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Can administering drugs at specific times of the day improve outcomes?

The recent advancement in the science and technology of chronotherapy has stimulated interest in tailoring drug delivery to patient’s circadian rhythms.

The circadian rhythm is a 24-hour internal clock that governs physiological processes in plants, fungi, bacteria, and animals. Clock genes are present in almost every organ and tissue in the human body and are activated and deactivated on a rhythmic schedule. Scientists have detected clock genes responsible for encoding targets for medications and enzymes for drug break down. This may suggest that drug delivery at specific moments within the circadian clock can have an impact on drug safety and efficacy. Several findings were discussed in a new article in Nature.

Conflicting outlooks among the medical community

Francis Lévi, an oncologist at the Paul Brousse Hospital in Villejuif, France conducted a clinical trial testing drug delivery timing on chemotherapy safety and efficacy. His impressive results have stimulated discussions on the importance of delivering medications and performing medical procedures at specific times of the day to improve patient outcomes. Some clinicians are still conflicted by the evidence. About ten years ago, scientists were unable to explain how the phenomenon works. In addition, clinical trials were not always as successful as Dr. Lévi’s trial. Nevertheless, the limited successful evidence available demonstrates that this concept requires further investigation.

Researching the circadian behaviour of cancer cells

Researchers from the Washington School of Medicine in St. Louis, Missouri, USA conducted a study to observe the circadian behaviour of cancer cells involved in a fatal form of brain cancer. They engineered cancer cells that were able to express the protein luciferase every time a clock gene was activated. This caused the cells to light up red. The colour disappeared when the clock gene was deactivated. This study allowed the researchers to analyze the circadian rhythm of these specific cells. In vitro, the researchers treated the cancer cells with chemotherapy at different times of the day and determined the optimal response occurred at the same time as a clock gene, Bmal1, was activated. The researchers are now extending their study to mice models and humans.

Administering drugs at specific times of the day may be impractical

The strategy of drug delivery at specific times of the day is an interesting concept to improve patient outcomes; however, it can be impractical. If a specific intravenous infused chemotherapy drug is required to be administered at noon, this would overcrowd oncology departments at that time of the day. Drug companies would be reluctant to update their monographs and advertising to include the specific time of day for drug delivery. Extra warnings would be required for deviations from the scheduling. Another impractical fact is that not all circadian rhythms are identical.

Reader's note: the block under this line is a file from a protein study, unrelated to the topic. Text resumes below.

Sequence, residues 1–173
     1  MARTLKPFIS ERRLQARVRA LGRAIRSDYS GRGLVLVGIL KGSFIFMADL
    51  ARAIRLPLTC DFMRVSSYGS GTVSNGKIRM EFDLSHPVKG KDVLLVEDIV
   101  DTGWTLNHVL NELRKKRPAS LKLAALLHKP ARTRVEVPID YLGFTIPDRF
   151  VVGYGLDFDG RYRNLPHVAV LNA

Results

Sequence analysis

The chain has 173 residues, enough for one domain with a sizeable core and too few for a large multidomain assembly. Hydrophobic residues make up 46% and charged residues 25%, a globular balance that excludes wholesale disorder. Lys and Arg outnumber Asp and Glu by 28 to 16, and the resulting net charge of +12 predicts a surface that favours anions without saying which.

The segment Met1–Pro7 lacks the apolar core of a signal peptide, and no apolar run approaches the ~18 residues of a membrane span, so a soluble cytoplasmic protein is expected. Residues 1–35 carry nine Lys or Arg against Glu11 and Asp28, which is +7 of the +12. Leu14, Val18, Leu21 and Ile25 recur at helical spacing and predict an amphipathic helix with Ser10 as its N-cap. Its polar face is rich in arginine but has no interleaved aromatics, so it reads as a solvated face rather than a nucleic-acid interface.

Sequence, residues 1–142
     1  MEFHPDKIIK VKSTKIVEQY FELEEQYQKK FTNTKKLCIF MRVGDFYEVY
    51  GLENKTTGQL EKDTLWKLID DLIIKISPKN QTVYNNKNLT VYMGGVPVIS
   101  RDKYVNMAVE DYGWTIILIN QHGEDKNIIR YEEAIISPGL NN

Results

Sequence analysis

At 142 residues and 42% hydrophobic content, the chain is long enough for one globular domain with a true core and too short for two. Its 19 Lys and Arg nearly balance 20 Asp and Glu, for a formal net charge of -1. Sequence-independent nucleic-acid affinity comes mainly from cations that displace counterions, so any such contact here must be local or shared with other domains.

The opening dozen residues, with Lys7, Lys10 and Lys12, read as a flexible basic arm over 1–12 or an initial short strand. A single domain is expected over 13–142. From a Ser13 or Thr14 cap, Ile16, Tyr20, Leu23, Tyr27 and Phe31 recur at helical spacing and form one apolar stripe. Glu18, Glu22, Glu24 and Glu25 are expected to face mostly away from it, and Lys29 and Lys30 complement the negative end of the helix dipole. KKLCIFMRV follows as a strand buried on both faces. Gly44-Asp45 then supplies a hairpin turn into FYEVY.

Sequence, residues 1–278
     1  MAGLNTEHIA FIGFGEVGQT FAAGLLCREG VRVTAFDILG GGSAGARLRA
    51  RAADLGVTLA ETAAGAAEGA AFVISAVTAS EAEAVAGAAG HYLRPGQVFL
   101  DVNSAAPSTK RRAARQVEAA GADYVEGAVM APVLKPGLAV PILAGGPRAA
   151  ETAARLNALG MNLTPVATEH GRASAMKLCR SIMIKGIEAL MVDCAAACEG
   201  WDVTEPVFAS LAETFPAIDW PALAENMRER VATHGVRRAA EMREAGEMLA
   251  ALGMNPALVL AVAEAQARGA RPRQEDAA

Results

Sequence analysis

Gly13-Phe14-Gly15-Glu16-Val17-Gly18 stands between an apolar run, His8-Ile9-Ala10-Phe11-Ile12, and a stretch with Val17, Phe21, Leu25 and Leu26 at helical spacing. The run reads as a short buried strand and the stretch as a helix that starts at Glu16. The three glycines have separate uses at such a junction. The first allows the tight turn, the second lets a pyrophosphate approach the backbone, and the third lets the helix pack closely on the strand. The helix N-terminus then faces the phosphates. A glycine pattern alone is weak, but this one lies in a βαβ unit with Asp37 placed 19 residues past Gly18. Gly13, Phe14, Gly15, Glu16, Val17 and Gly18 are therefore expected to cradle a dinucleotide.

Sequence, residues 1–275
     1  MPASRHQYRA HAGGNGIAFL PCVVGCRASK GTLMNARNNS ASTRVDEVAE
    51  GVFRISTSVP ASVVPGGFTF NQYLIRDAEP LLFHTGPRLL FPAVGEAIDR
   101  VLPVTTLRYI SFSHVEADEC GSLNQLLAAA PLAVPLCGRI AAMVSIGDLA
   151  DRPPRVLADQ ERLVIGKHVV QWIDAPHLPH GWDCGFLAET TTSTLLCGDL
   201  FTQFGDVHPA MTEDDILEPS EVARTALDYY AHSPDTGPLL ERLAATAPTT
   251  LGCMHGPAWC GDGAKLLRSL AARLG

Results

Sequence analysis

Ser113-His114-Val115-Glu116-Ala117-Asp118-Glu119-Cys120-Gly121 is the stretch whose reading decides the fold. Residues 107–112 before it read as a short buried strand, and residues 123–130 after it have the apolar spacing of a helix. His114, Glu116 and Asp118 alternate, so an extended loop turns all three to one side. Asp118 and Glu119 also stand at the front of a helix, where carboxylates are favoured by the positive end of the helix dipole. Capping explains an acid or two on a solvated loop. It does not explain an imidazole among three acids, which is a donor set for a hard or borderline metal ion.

In Dr. Lévi’s trials, he observed that only half of his study participants have similar patterns. A quarter of the remainder of the participants have rhythms that start earlier and the rest of the participants are night owls. There is no one-time-fits-all approach to chronotherapy. In addition, even without a restriction in the timing of drug delivery, only half of the patients take their prescribed medicine as directed.

Prospects for chronotherapy are promising

Many studies around the globe are starting to include chronotherapy. Researchers in the United States have already begun drug trials in humans with specific drug delivery scheduling. The latest trials in Europe are using portable devices to collect data from participants to learn more about the circadian rhythm. Many gaps in understanding the concept are still apparent but with improvements in technology and research, the prospects for chronotherapy are promising.

Written by Jessica Caporuscio, PharmD

Reference: Peeples, L. Medicine’s secret ingredient — it’s in the timing. Nature. 2018

Jessica Caporuscio PharmD
Jessica Caporuscio PharmD
Jessica received her Doctorate of Pharmacy from the University of Montreal in July 2014 and she has been working as a community pharmacist in the Greater Toronto Area since March 2015. She has a passion to communicate medical and drug information to her patients and other healthcare professionals. Jessica is also a marathoner and an Ironman triathlete. In her spare time, she is in her kitchen creating healthy recipes for her family.


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